We had the Stairstep Falls to ourselves for a few minutes. I’ve always liked this waterfall, although it’s typically overshadowed by Rainbow Falls and Windy Falls, which is a mile or so downstream. The other hikers arrived a few minutes later, and hung out for a bit before continuing downstream. They were hoping to get to Sidepocket Falls, and possibly the top of Windy Falls, before heading home. I’ve been to Windy Falls several times, but I’ve never attempted that route. From everything I’ve read, it requires a long, wicked bushwhack.
We hung out for a few minutes before hiking directly back to the trailhead. From there, we took a brief tour of the park road, and noted that the gate on lower Grassy Ridge Road was open. At this point, it was only mid-afternoon. We decided to check out a couple of additional waterfalls before heading for home.
Our next stop was on highway 281 just before the Thompson River. From there, we made the short hike down to White Owl Falls. White Owl Falls is just downstream from the road, but both Jack and I had failed to find it on our last (separate) attempts. Once we found the trail down, we each realized that we had previously descended at the wrong spot. This time the path took us right to the top of the falls. From there, it was an easy descent to the base of the falls.
White Owl Falls isn’t big, but it is pretty. Unfortunately, the best views (and photos) are from the other side of the river. Neither of us was interested in wading in this weather, so we settled for the view from where we were. It was cold down there in the shade along the river, and we didn’t loiter long. Instead, we doubled-back to the car, and headed on to our final stop of the day.
I suggested a visit to Twin Falls on the Thompson River for three reasons. First, I thought it would be a good place for icicles. Second, I’d only seen Twin Falls once before, and it was during a period of low water. I was expecting it to be far more impressive on this occasion. Finally, Twin Falls is located on private property. On my previous visit, I’d noticed that the area around the falls had been subdivided into lots. I knew that once houses are built, the waterfall will be inaccessible. I wanted to see it one more time while I could.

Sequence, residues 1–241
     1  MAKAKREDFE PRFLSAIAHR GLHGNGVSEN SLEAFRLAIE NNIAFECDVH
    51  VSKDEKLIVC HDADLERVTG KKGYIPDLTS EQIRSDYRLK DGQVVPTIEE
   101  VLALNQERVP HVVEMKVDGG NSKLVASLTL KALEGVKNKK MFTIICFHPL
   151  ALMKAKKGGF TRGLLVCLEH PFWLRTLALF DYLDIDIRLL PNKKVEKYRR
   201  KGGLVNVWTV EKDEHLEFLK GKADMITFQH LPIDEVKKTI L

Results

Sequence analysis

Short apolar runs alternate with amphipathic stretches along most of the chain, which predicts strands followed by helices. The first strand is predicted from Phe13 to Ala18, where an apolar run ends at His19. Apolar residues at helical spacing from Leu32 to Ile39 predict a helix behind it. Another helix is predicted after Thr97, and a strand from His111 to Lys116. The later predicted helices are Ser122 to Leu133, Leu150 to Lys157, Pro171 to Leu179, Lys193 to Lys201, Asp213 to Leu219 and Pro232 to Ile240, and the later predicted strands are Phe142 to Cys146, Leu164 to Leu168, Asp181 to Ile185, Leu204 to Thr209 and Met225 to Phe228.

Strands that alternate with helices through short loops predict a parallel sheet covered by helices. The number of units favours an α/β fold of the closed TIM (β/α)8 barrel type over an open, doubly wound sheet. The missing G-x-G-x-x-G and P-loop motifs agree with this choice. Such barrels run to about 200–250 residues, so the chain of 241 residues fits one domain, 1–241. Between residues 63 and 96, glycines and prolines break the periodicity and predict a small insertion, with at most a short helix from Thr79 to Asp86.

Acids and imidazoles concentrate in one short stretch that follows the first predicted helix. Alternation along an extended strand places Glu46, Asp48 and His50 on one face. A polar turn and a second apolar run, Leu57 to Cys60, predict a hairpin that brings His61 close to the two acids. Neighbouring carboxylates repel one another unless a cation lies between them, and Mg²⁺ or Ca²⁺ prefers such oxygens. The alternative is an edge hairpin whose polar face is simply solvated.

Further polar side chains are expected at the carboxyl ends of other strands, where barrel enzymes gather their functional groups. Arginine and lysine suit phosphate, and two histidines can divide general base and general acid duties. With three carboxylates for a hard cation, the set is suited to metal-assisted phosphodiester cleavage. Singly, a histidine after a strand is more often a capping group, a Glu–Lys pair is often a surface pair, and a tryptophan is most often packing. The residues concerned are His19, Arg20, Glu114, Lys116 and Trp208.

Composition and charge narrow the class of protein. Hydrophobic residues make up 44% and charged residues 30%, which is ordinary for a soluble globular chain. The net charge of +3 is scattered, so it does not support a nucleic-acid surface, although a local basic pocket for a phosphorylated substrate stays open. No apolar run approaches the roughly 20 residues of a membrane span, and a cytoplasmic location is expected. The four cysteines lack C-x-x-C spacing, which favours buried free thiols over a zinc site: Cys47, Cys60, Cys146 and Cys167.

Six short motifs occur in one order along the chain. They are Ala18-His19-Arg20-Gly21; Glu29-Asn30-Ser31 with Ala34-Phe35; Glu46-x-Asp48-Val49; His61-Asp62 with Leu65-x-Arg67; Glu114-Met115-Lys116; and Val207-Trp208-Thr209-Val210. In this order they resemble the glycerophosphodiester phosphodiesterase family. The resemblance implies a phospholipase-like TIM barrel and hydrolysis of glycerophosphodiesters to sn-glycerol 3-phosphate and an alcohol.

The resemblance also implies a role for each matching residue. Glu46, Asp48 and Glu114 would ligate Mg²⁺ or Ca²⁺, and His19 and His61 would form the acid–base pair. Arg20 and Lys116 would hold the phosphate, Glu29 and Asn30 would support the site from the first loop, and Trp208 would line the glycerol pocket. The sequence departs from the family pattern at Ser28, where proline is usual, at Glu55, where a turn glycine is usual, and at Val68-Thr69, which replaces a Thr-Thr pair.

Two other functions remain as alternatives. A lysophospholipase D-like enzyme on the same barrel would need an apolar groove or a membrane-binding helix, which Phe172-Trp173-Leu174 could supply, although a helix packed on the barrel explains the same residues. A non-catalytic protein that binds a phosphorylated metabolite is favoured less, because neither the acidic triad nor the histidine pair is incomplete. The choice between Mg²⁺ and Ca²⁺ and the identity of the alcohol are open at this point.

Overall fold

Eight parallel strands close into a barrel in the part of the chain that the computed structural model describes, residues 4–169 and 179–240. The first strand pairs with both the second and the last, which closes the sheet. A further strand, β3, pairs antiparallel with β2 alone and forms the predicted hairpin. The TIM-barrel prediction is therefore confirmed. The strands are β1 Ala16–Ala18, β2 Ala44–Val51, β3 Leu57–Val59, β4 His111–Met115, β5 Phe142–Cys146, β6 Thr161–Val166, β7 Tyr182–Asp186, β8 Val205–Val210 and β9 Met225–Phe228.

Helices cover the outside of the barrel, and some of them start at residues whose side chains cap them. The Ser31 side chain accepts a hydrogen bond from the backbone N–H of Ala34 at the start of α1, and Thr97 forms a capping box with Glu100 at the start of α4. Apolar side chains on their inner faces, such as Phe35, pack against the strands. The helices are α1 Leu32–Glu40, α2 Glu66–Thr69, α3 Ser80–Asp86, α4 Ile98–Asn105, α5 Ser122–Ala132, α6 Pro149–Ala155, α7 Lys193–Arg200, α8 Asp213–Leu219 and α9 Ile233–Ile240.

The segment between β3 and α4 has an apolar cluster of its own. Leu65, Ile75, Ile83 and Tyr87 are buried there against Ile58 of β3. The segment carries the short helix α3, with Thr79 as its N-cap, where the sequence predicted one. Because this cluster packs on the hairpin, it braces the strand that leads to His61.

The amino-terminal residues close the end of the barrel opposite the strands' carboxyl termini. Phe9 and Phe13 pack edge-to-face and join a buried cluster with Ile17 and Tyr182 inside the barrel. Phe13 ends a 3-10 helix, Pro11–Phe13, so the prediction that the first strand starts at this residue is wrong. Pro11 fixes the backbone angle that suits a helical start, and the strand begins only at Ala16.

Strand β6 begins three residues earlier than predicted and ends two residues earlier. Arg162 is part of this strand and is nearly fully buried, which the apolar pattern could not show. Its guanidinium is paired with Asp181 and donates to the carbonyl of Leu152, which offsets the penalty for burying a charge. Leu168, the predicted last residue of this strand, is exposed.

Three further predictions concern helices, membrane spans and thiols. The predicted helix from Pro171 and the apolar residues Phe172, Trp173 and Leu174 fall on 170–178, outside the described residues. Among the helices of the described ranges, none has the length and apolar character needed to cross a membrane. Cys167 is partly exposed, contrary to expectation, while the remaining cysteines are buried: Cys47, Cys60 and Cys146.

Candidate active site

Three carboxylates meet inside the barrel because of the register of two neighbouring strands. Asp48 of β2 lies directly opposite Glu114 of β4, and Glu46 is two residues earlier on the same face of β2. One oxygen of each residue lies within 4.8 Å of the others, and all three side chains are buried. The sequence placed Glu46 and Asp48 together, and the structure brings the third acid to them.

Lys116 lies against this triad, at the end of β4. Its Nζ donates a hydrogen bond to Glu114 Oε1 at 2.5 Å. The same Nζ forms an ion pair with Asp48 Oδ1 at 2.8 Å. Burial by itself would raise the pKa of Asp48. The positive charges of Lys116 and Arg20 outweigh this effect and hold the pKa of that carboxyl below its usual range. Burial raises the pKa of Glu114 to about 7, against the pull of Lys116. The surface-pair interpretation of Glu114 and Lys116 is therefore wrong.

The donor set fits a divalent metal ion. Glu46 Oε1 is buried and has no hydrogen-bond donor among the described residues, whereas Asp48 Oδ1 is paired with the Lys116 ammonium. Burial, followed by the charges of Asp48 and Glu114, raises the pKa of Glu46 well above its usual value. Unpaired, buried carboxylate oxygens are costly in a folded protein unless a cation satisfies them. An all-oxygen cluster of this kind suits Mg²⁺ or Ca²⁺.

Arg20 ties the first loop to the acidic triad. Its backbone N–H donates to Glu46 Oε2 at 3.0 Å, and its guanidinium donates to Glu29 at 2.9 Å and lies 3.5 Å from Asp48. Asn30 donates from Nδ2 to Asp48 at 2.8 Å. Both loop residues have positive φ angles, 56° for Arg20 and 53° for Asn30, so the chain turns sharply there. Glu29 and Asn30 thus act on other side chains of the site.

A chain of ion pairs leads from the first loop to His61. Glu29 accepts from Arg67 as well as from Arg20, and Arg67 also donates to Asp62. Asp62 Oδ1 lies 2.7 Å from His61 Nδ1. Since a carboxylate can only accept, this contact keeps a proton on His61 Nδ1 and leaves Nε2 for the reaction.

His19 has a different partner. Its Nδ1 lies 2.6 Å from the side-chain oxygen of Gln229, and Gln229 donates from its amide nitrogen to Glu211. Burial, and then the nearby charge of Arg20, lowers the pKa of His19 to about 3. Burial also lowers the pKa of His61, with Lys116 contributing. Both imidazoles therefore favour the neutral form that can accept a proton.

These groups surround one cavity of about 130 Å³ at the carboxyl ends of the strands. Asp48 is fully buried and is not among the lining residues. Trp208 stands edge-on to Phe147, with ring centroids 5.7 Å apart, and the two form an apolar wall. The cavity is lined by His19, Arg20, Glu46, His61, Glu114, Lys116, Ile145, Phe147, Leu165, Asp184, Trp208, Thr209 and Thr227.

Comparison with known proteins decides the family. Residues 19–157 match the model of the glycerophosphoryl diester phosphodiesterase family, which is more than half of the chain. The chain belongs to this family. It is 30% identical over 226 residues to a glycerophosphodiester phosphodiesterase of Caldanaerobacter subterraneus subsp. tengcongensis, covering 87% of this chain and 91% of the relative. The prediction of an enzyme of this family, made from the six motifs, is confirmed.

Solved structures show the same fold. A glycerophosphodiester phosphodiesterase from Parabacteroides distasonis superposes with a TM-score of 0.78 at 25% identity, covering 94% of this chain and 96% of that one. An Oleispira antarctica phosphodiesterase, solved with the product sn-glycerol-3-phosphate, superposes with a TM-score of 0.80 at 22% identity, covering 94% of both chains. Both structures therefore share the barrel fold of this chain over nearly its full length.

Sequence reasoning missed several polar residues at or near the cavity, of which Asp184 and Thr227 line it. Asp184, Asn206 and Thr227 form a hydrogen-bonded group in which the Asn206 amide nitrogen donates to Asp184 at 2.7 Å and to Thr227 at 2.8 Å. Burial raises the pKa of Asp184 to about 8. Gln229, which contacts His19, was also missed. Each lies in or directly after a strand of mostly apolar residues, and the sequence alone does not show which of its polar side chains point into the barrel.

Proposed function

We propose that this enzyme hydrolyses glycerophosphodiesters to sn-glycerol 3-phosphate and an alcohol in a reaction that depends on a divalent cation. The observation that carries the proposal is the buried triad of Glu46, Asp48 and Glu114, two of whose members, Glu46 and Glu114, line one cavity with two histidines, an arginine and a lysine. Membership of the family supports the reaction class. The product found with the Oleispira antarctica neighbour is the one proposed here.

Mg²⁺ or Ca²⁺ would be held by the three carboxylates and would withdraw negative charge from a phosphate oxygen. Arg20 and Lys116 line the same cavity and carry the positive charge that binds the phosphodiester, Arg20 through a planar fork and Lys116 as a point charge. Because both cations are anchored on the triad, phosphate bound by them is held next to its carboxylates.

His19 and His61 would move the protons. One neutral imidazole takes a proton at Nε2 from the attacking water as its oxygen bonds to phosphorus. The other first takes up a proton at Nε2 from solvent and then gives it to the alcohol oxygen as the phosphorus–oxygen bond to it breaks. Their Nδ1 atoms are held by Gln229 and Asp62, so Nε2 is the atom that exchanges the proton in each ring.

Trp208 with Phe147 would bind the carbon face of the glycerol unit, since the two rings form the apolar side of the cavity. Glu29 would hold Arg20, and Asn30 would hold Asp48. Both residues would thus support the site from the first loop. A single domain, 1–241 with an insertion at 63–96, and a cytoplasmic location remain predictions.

We drove Upper Whitewater Road from 281, crossing Mill Creek just above the brink of Slippery Witch Falls. This waterfall is also on private property, but the area is undeveloped. We considered stopping there on the way out, if time allowed. For the moment though, we were eager to get to Twin Falls. We continued on to the bridge over the Thompson River. The lot just before the bridge now features a huge McMansion overlooking the falls. The “house” is still under construction though, and the lots on the far side are still undeveloped, except for a steep, gravel road that now leads down to the river. The road offers a much easier route to the base of the falls than the old, rugged trail. Unfortunately we didn’t discover this until after we were already down there.
Jack parked on the opposite side of the road, and we grabbed our cameras and tripods. We were looking forward to checking out the falls and / or looking at the available lots. That was our official excuse in the unlikely event that we were questioned about our presence there. After all, who’s to say that we couldn’t be shopping for mountain property? If you like waterfalls, I highly recommend doing a little shopping for mountain property of your own. Twin Falls is spectacular, and it won’t be accessible for much longer.
At Twin Falls, the Thompson River splits into two channels before spilling over a 100’ high cliff. It’s a breathtaking sight, even with that giant, ugly house under construction on the opposite side of the river. We spent about 30 minutes there enjoying the falls and taking photos. I was glad to have the chance to see this waterfall one final time.
Jack and I enjoyed a great hike on a lovely winter day. I was glad Johnny talked me into it, but I regret that he wasn’t able to join us. Hopefully we’ll catch up with Johnny next time!
Back to The Jocassee Gorges
Back to North Carolina
Back to Hiking and Backpacking Trip Reports
Please remember to Leave No Trace!